To be honest I love watching riders prepare for a show more than the competition itself. To watch para-dressage training is particularly interesting because there are so many different approaches and also different horse-types.

Usually the horses for the lower grades (1-3) are warmed up and loosened by the trainers or accompanying riders, before the para-riders get on, but there are also exceptions who are able or want to do it all by themselves.

What is often striking is the fact that the horses seem to well differentiate who’s the jockey and admiringly adapt to it. That is the fascination you only get in para-dressage and nowhere else. Once you experienced it, you truly get hooked on it!

Vet Check

A bit before 6 pm the warm-up rings and dressage arena emptied as the vet-check approached.

Semperboni’s 19-year-old Paul trotting up
I chatted with German para-dressage legend Hanne Brenner while walking up the jog-strip and when I arrived there a long line of horses was already patiently waiting for their turn on the jog-strip.

There was neither any stress nor this dancing and prancing of horses we sometimes see at vet-checks. I wonder if this can be simply explained with the fact that (breeding) stallions in para-dressage are a true exception. Or if, more likely, the education from the ground is simply valued differently in para sport, in which quite some horses have to be handled from a wheelchair and  have to pay the utmost respect to their riders.

I love to watch vet-checks: Seeing a horse without anything on his back gives an interesting view on the musculature and I enjoy it if horses are brought out to perfection with gleaming coats and plaited manes.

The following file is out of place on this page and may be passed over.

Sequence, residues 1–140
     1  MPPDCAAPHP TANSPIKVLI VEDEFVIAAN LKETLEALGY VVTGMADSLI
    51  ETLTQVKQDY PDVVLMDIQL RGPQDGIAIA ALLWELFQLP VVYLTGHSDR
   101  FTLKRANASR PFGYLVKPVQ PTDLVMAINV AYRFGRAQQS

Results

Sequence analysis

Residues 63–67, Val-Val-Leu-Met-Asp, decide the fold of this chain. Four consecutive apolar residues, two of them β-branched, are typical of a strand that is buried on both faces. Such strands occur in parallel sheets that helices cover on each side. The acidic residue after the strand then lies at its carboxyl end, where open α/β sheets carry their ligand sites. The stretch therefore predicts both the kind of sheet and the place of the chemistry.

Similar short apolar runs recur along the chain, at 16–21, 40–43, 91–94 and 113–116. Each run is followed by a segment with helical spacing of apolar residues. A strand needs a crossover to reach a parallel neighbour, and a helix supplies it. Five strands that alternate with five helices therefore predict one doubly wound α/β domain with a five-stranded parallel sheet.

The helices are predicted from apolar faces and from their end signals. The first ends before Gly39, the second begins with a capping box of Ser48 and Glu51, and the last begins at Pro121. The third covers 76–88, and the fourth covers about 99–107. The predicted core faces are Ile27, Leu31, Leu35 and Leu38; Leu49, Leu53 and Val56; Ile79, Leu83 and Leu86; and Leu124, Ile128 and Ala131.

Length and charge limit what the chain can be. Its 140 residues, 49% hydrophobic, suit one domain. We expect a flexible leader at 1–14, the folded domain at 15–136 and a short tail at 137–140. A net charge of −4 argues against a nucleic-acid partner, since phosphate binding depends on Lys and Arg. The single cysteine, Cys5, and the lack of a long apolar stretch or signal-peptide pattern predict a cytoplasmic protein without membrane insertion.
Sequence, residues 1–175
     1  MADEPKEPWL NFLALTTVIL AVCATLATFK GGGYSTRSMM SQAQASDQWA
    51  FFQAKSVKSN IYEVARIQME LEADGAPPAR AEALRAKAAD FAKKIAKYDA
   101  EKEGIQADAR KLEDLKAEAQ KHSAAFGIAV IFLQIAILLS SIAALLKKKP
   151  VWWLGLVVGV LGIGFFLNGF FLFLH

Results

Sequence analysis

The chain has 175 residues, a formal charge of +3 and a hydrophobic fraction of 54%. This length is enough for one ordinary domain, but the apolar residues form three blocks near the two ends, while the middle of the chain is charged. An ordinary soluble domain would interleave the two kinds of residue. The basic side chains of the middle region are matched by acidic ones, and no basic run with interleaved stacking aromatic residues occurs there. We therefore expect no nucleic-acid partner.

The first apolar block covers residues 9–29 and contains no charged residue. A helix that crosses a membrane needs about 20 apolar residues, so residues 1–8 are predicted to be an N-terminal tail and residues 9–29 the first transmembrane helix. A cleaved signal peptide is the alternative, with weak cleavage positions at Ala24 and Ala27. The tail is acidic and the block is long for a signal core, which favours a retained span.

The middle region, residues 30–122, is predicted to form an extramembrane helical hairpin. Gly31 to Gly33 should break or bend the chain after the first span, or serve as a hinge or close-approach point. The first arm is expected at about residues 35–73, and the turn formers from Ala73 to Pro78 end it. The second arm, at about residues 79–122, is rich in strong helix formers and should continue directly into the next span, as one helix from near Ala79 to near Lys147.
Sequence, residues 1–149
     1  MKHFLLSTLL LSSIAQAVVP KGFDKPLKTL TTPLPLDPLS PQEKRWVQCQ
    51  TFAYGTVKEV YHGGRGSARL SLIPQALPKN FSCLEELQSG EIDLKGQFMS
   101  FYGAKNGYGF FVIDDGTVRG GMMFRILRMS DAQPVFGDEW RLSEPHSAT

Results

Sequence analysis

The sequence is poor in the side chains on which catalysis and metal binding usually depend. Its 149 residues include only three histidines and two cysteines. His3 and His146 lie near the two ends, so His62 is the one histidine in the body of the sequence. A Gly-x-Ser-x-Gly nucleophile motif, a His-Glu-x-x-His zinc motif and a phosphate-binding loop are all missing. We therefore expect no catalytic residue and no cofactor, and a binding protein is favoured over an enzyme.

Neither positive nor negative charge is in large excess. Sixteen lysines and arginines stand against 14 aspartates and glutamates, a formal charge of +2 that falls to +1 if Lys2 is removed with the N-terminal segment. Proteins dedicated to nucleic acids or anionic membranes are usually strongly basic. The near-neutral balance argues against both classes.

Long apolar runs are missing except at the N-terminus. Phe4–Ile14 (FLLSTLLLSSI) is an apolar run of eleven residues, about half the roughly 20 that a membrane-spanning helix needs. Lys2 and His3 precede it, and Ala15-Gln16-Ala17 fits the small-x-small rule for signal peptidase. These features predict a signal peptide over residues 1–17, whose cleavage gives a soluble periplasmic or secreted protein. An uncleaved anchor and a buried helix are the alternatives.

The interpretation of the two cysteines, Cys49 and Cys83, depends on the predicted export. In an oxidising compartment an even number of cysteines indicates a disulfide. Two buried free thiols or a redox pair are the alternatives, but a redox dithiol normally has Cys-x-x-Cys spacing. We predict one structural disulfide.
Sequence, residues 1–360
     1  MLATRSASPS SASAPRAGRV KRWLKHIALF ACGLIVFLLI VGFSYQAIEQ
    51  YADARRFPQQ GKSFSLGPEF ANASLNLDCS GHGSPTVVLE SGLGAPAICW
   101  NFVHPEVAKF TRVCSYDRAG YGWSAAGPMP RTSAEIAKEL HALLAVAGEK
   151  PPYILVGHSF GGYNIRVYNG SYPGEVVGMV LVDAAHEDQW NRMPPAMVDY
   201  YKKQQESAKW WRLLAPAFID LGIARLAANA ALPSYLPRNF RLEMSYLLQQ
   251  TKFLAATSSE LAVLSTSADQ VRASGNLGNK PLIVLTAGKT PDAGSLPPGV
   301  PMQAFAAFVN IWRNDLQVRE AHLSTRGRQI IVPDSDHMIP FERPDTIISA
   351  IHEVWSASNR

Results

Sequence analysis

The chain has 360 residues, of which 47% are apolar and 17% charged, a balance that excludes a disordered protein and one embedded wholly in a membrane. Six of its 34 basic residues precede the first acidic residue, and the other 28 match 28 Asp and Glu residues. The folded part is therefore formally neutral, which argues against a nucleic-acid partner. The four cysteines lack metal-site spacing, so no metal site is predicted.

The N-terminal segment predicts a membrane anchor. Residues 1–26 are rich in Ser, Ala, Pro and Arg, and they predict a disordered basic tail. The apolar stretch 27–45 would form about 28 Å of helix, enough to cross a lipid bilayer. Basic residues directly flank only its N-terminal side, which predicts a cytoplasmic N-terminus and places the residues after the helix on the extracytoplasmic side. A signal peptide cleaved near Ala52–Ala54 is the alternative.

However, the Mannheim jog strip itself cannot be described as a photographer’s dream. It is a rather narrow lane between the fence of the stable area and the fence of the property, just like a tube. It does not allow any standing on the long sides.

Being quite a small person, probably to the dismay of those trying to catch a glimpse behind me, I had to squeeze myself next to the officiating vet and judge Eva-Maria Bachinger from Austria to be able to get some shots.

Nicole Geiger on Donar Weltino
What was striking is that despite the well behaved horses I could see that evening, most of the handlers wore helmets as a reasonable precaution. Why is that not seen more often in the other FEI disciplines as well?

Riding into the Sunset

After the vet-check was done and dusted with all horses being passed, the training continued in the timid evening sunshine, with the arena at times seemingly bursting with riders in- and outside the rectangle. My attempts to get some nice Noah Kuhlmann training shots to illustrate our interview fell pretty short with always another horse crossing my lens the moment Staatslegende appeared best… 

I called it a day and left the show-grounds after 8 pm, looking forward for the first day of para competition on Saturday morning. 

-- text and photos © Silke Rottermann


Related Links
2023 CPEDI Mannheim Welcomes Spring and Top Para Dressage Sport
An Afternoon at the 2022 CPEDI Mannheim
Photo Report: Witnessing Good Sport and Equitation at the 2021 CPEDI Mannheim
Photo Report: Heating Up for the 2012 CDI Mannheim
A Day on the Heels of an International Dressage Rider at the 2011 CDI Mannheim